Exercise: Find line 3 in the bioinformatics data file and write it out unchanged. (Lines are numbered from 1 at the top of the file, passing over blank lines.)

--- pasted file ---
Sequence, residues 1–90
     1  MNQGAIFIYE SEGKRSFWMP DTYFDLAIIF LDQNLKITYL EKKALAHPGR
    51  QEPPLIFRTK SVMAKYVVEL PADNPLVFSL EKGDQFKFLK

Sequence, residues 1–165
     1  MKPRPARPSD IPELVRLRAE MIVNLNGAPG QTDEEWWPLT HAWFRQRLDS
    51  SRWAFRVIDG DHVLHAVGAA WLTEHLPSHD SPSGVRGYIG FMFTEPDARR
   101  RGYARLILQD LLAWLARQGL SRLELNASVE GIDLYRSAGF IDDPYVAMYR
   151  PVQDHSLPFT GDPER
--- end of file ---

    51  QEPPLIFRTK SVMAKYVVEL PADNPLVFSL EKGDQFKFLK